The aim of this scoping review was to investigate the impact of footwear on worker physical task performance and injury risk. The review was guided by the Preferred Reporting Items for Systematic Reviews and Meta-Analyses extension for Scoping Reviews protocol and registered in the Open Science Framework. Key search terms were entered into five academic databases. Following a dedicated screening process and critical appraisal, data from the final articles informing this review were extracted, tabulated, and synthesised. Of 19,614 identified articles, 50 articles informed this review. Representing 16 countries, the most common populations investigated were military and firefighter populations, but a wide range of general occupations (e.g., shipping, mining, hairdressing, and healthcare workers) were represented. Footwear types included work safety boots/shoes (e.g., industrial, gumboots, steel capped, etc.), military and firefighter boots, sports shoes (trainers, tennis, basketball, etc.) and various other types (e.g., sandals, etc.). Occupational footwear was found to impact gait and angular velocities, joint ranges of motion, posture and balance, physiological measures (like aerobic capacity, heart rates, temperatures, etc.), muscle activity, and selected occupational tasks. Occupational footwear associated with injuries included boots, conventional running shoes, shoes with inserts, harder/stiffer outsoles or thin soles, and shoes with low comfort scores-although the findings were mixed. Occupational footwear was also linked to potentially causing injuries directly (e.g., musculoskeletal injuries) as well as leading to mechanisms associated with causing injuries (like tripping and slipping).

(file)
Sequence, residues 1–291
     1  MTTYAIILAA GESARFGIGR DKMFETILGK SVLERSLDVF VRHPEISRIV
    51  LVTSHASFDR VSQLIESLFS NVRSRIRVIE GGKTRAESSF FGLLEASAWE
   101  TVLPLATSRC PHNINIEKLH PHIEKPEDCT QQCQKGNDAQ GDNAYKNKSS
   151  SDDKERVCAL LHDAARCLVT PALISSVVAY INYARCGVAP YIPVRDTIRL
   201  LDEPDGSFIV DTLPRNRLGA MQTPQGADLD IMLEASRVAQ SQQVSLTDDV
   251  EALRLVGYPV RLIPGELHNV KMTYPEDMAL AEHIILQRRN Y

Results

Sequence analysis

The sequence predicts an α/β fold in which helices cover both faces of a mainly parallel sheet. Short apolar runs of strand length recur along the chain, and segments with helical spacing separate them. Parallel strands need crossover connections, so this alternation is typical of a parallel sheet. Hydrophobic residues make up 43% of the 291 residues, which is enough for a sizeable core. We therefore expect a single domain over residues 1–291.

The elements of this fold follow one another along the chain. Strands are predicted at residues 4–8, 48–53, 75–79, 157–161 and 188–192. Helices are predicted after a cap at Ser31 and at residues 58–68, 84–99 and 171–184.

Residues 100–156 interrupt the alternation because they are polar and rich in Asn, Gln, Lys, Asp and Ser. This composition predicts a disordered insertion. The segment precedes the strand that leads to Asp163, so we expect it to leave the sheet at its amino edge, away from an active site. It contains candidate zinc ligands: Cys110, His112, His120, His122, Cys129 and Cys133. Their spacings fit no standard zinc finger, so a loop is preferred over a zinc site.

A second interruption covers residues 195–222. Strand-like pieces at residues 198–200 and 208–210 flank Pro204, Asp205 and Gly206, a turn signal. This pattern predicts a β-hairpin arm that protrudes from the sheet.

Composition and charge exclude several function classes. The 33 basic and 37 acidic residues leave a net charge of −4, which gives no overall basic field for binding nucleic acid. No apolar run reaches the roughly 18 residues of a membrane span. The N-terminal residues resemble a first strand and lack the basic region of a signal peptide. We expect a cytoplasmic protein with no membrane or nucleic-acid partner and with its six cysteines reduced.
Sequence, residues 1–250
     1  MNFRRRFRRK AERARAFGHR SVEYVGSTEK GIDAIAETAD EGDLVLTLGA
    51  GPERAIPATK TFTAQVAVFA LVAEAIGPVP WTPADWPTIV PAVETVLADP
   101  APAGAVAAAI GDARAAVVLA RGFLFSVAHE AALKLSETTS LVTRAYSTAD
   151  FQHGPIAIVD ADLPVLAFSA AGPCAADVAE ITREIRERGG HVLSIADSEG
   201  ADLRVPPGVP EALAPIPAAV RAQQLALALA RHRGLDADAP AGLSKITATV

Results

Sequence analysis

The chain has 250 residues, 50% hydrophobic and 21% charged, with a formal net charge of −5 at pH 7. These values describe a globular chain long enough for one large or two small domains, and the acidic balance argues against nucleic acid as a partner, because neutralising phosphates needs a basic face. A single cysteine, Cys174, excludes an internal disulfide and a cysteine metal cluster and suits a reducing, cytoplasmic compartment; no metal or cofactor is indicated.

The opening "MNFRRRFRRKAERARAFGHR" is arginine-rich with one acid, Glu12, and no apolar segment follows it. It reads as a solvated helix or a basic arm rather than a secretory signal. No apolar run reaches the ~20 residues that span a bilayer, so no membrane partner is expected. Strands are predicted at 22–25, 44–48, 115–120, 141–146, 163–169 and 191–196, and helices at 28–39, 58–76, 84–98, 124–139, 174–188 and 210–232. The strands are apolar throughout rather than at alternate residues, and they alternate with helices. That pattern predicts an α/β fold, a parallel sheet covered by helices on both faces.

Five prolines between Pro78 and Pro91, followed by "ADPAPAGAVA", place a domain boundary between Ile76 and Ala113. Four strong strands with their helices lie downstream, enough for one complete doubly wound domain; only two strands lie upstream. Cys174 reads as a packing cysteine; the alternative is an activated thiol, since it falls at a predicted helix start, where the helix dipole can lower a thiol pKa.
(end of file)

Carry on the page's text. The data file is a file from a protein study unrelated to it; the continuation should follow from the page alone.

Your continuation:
|Journal||International Journal of Environmental Research and Public Health|
|Publication status||Published - 27 Aug 2022|